It’s broadening that piece and believe it or not, that makes people feel less alone, because now they’re starting to think about these other elements. And then the last question is probably the hardest question for many people, because it feels like it’s going to be a value Rob. And the reason I say that is the question is, how are you thinking of moving this forward? What’s are you thinking as the next step? What that question isn’t, is how can I help? What do you need from me? And that I always say that can be questioned for but that cannot be questioned three.
The reality is, when you help people start to recognize and think through solutions, even if they feel overwhelmed, like what’s the smallest first step you could possibly take? You help build the confidence that they can move things forward.
And truly, there is we really do confuse feeling helpless for being exhausted. And, and often the opposite is that feeling empowered Word is genuinely energizing. And so there’s this double win win. So all of a sudden, you’ve helped this person start to recognize that there’s some accountability on their side, it’s starting to challenge them just kind of think through and take some ownership of a situation, to expand it, to think of other people. And now to start to build the confidence to look for solutions to think through how to move something forward to not depend on another person.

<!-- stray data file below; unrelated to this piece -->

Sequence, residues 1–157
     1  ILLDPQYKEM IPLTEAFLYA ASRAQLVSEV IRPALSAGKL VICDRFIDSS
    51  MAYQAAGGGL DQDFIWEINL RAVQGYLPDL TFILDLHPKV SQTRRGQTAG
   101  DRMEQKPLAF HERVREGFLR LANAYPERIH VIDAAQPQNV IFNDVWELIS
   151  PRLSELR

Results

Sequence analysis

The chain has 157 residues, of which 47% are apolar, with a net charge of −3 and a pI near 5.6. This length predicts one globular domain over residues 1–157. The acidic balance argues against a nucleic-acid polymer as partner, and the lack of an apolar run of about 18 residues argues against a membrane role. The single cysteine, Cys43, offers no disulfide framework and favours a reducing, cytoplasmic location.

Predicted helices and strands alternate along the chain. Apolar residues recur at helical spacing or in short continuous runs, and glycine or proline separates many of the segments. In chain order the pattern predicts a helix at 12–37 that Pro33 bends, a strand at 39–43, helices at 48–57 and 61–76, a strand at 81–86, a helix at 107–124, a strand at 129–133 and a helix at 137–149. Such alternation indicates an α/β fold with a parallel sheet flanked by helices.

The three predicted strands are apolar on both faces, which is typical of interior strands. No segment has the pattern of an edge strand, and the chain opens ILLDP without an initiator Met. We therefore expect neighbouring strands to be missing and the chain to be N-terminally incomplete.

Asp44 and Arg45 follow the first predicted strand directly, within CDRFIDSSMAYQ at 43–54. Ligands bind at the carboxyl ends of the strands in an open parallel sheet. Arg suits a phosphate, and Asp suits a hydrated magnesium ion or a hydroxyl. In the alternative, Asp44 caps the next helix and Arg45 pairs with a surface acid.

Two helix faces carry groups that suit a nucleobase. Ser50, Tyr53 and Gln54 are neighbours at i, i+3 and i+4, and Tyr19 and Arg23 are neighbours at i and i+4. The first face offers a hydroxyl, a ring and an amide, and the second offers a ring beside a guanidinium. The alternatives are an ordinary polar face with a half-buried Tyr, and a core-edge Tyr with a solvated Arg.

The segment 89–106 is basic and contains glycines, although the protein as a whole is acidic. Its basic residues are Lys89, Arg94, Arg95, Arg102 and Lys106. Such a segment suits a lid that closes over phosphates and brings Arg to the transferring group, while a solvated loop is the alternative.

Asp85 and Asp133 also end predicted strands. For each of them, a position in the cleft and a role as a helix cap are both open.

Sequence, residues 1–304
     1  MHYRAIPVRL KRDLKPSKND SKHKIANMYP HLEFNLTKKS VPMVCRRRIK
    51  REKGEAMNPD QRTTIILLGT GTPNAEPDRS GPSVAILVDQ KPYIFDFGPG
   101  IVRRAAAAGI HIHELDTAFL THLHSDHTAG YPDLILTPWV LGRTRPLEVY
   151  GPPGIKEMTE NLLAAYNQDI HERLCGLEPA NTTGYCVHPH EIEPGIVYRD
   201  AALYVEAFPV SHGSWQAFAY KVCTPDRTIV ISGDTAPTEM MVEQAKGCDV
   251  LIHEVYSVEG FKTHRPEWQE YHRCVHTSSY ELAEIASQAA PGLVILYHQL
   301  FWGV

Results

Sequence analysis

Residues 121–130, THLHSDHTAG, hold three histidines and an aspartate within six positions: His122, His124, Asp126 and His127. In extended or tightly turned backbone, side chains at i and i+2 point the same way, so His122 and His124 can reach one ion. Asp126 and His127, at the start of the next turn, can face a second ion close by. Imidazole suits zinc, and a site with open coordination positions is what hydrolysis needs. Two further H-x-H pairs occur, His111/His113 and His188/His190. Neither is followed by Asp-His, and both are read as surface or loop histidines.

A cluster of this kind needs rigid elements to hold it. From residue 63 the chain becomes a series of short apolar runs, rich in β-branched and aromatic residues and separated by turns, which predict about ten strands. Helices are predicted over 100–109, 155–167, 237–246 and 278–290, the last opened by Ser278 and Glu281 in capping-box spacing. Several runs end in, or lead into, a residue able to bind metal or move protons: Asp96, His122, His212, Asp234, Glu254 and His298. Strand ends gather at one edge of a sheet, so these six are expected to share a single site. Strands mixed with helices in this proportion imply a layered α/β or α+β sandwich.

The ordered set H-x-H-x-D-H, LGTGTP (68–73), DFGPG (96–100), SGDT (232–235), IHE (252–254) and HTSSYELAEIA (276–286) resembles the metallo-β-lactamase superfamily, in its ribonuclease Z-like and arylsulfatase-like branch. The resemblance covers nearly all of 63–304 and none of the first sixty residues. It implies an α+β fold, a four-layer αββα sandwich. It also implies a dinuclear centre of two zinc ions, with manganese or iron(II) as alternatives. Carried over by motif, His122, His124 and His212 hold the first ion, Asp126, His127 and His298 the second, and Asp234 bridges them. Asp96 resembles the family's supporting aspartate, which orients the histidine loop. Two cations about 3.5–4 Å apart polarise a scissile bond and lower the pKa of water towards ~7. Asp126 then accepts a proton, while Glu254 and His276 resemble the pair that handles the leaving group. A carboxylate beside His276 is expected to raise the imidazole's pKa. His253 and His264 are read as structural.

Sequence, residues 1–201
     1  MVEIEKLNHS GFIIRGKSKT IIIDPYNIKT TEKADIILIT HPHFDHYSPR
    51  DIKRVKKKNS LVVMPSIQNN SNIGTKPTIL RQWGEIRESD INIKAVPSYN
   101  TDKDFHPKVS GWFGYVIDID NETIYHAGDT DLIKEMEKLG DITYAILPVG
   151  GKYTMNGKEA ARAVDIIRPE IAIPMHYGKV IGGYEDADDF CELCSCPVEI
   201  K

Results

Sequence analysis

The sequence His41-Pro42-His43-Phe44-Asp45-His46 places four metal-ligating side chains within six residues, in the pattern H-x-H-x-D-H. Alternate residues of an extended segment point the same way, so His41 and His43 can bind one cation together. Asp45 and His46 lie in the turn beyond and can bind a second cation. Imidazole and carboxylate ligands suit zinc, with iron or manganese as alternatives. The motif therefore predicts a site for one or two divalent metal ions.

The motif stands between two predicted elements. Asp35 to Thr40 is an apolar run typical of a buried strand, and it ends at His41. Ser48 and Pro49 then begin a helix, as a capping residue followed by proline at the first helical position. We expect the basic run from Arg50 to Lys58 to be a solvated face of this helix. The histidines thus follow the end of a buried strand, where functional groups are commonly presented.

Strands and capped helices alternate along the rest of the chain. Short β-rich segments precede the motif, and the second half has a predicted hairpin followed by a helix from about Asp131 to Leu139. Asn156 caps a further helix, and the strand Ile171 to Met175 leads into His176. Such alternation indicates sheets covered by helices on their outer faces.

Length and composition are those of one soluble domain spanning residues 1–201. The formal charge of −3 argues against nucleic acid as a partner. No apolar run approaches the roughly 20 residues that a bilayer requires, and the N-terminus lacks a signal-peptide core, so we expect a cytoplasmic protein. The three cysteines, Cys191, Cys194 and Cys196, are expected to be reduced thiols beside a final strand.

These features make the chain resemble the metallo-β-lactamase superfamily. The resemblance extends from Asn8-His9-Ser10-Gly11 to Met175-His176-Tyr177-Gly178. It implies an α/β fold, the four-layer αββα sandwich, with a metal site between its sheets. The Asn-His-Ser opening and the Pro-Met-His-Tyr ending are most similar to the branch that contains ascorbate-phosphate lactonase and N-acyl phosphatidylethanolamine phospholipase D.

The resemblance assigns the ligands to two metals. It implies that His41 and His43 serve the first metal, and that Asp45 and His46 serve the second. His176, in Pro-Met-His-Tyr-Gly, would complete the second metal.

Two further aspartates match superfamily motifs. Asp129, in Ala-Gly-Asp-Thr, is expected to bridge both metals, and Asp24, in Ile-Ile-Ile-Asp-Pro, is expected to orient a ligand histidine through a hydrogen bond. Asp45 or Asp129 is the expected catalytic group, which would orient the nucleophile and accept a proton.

And now as a leader, you’re understanding their thought process. Now, as a leader, you’re understanding what they actually need, you know, where perhaps this will be beneficial or, or where you can offer some heads up on different things. But now you’re meeting them where they are, and helping support them in the way that they need to move forward, versus you trying to drag them along to where you want them to be. So both sides, we’ve just created this environment that is more energizing, more positive and more empowering. I hope that helps. I hope because I can tell you, I use those three questions with many, many, people. And I have always heard positive feedback on them.